Building The Roadmap To The “Internet Of Payments”

Mahindra Comviva is convinced of one thing: having some of the largest merchants in the U.S. capable of enabling NFC payments by the end of 2015 will form the foundation of the “Internet of payments” and turn the mobile payments tide in this massive payments market. Why? A network of hardware on payment card devices will serve as the “rich and fertile ground for innovation and expansion.” But will it?



“Who envisaged that one day payments will be made with just a tap of a mobile at POS terminals? Who believed that businesses could reach out to their exact target audience while they were shopping?”

That ability to connect, identify, locate and personalize – mobility – is more powerful than products and services themselves, says Mahindra Comviva. Mobility today stands for two-way engagement, enabling a new payment experience for customers. Players like Uber and Lyft, Starbucks, Apple and others are using mobility as a catalyst for innovation. Retailers can locate interested shoppers based on proximity, and payments can even be made via BLE. The impact of mobility on the payments space is perhaps more powerful than most would expect.



Mobile payments add an entirely new dimension to transform industries like retail, music, transportation and hospitality. Emerging services are also delivering rich payment experiences – Vicinity, for one, “is designed to bridge the gap between online, physical and mobile channels for customer checkouts,” according to the whitepaper. It does so by recognizing when customers and their mobile devices are near a Vicinity-enabled online payment checkout system like a tablet or PC.

But while these new technologies and services enabling payments may seem to make things simpler, they could potentially complicate things for both the payer and payee, says Mahindra Comviva, if left unchecked. In the digital future, mobile strategies need to be established to simplify the transaction – including things like automatically applied coupons, loyalty points, context-aware discounts, biometrics, NFC, PIN, real-time fraud detection, and more.



Relevance and personalization are increasingly becoming critical in a consumer’s shopping experience. Google, Amazon and YouTube, for example, recommend relevant information based on a user’s purchasing, surfing or viewing history.

Now, new tools are being developed to test mobile apps based on HCE, the cloud, eSE, UICC, mSD, NFC tags, smartwatches and more to issue a payment product and serve as personalization validation tools. Ongoing customer engagements, says Mahindra Comviva, will also be digitally built into certain products. The Internet of Things allows almost any physical object to be connected, like home appliances or cars.



According to Mahindra Comviva, in the near future, geofencing (or using GPOS technology to put a virtual perimeter around a physical location) will be broadly used for delivering location-based offers to mobile devices, and bring more consumers in stores. And since consumers need to opt in to receive these types of messages, retailers need to make offers relevant – rather than bombarding them with irrelevant content.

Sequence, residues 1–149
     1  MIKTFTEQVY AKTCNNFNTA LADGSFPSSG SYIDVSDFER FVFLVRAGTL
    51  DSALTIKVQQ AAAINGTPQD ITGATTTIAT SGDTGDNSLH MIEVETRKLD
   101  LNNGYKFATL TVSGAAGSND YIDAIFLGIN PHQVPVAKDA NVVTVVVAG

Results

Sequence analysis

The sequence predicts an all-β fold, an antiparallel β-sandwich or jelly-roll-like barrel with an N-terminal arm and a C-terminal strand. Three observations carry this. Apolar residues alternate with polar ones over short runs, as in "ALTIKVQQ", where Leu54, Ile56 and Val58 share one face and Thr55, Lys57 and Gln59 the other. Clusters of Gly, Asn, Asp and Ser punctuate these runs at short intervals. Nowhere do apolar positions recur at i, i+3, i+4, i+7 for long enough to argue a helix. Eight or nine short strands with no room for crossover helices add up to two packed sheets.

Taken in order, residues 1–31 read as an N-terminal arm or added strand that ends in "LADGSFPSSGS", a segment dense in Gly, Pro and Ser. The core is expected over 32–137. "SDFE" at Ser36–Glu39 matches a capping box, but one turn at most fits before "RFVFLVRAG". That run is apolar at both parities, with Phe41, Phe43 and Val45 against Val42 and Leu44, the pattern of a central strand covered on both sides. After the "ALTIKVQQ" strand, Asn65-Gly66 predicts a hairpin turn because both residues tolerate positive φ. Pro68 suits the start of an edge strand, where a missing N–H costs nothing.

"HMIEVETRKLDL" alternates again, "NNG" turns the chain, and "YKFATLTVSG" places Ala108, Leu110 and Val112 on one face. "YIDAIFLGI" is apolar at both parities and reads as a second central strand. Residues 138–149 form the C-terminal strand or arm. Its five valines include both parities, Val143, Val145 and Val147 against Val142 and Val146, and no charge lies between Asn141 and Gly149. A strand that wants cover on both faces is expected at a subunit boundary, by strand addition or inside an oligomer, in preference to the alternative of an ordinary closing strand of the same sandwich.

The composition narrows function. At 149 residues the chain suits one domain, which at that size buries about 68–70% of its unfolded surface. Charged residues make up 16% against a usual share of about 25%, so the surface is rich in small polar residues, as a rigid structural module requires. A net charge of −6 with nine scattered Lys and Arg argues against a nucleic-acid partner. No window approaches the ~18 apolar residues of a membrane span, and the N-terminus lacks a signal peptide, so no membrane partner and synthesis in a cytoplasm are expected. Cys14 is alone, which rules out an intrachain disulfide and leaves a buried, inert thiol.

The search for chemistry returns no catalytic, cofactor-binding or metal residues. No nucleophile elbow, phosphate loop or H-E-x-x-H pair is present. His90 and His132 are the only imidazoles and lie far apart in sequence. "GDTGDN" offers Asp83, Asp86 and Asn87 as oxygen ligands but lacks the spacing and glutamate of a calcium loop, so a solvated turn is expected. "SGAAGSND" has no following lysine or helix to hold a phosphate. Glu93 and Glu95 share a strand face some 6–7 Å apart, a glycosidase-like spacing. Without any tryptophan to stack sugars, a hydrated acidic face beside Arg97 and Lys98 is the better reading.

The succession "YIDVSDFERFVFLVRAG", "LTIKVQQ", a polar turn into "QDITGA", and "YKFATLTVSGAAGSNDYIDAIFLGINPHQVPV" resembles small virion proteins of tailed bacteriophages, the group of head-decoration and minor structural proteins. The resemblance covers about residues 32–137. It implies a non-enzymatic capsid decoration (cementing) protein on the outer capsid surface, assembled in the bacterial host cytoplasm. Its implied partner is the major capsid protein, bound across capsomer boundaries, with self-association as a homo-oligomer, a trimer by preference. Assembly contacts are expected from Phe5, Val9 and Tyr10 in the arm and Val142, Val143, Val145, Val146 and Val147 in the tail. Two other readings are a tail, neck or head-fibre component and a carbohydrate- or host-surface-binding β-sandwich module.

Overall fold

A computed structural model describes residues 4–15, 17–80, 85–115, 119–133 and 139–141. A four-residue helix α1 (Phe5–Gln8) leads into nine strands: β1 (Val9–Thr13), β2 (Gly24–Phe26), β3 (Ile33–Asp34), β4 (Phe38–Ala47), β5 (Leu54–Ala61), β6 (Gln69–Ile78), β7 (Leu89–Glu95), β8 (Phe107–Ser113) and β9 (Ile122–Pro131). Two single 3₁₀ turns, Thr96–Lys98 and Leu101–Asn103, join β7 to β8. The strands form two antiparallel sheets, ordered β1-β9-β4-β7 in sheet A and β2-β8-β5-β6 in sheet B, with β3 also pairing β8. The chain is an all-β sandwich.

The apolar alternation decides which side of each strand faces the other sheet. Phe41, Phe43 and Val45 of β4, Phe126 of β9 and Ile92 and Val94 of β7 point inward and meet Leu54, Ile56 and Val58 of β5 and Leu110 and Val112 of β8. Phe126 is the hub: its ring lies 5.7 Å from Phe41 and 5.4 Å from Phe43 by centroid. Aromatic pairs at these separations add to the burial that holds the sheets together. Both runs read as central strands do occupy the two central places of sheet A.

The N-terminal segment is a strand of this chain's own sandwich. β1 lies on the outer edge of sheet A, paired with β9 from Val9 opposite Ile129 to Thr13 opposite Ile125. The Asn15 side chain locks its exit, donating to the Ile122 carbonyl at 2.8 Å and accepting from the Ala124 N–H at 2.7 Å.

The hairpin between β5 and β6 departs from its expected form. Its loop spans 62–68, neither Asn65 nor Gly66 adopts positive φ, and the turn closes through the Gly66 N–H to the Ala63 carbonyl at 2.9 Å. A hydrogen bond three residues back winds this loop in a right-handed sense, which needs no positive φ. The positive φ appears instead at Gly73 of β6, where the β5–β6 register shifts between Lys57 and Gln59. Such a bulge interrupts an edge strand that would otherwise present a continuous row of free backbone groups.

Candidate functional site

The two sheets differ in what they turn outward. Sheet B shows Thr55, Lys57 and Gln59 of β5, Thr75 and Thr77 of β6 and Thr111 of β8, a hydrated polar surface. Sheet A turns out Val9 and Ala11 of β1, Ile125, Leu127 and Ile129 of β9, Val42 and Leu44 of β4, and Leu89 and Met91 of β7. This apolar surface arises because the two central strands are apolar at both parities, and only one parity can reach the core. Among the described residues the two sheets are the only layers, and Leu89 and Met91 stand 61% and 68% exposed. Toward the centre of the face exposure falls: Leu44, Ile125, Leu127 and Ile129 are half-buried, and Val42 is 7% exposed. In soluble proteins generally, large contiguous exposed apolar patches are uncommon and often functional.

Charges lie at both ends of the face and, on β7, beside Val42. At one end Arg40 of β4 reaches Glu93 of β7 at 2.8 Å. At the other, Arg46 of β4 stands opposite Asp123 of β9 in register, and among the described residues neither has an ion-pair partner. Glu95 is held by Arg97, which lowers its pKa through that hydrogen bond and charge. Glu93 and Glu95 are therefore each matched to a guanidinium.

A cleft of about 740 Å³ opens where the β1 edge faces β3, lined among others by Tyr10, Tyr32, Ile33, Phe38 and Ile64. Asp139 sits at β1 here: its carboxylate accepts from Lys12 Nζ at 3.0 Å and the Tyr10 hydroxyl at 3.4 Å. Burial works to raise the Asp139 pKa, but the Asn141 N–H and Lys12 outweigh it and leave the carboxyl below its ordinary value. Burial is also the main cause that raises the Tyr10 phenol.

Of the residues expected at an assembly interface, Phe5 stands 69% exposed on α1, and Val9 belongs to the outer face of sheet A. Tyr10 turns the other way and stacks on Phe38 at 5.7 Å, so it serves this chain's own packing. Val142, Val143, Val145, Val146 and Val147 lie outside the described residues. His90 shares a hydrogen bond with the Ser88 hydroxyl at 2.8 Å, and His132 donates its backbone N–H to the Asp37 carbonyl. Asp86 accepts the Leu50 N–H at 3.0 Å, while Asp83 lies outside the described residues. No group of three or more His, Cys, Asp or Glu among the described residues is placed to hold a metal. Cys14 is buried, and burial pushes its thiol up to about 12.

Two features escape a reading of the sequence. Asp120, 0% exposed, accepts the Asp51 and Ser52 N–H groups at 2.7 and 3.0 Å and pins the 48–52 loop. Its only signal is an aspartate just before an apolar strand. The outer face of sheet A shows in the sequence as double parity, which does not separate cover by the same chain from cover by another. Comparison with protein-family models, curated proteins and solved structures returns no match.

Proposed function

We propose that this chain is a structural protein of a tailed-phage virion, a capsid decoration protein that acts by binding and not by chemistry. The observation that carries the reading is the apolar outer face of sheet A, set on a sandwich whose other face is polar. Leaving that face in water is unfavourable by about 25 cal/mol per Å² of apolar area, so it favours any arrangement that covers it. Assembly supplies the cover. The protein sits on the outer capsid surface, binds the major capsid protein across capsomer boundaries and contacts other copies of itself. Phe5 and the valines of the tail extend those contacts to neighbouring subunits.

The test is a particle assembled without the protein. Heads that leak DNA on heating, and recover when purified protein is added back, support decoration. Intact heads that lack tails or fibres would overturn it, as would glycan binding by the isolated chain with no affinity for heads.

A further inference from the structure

One example are McDonald’s franchises in Columbus that are integrating beacon technology to give customers an enhanced dining service. This allows the restaurant to deliver coupon offers, alerts, employment opportunities and surveys as customers enter.



As of right now, notes Mahindra Comviva, all major payments disruptors have yet to bring mobile payments mainstream. And within the U.S., wallets based on secure elements, touch ID and HCE will likely make a big push toward that widespread adoption.

“All these technologies, devices and ecosystem creators seem to have huge potential in coming years to give payments a smooth and seamless ride upon mobility,” Mahindra says. And Apple, among other players, is pushing mass adoption of NFC along – the NFC payment market is actually estimated to grow to $100 billion next year.

Looking a bit further into the future, products in stores might interact with shoppers and reveal their lifecycle. Telco players, while there’s still a long way to go, have already jumped on board to get mobility-based future augmented reality technologies enabled. Connected cars are a very real concept today, and innovations like MasterCard and RBC’s pilot wristband Nymi – which offers frictionless authentication via a person’s ECG wave – are already changing the way payments are made and secured.


To get key retailer strategies for mobile wallet payments acceptance capabilities, proximity marketing and developing an innovative use case, download the full whitepaper by clicking the button below.






The PYMNTS Cross-Border Merchant Friction Index analyzes the key friction points experienced by consumers browsing, shopping and paying for purchases on international eCommerce sites. PYMNTS examined the checkout processes of 266 B2B and B2C eCommerce sites across 12 industries and operating from locations across Europe and the United States to provide a comprehensive overview of their checkout offerings.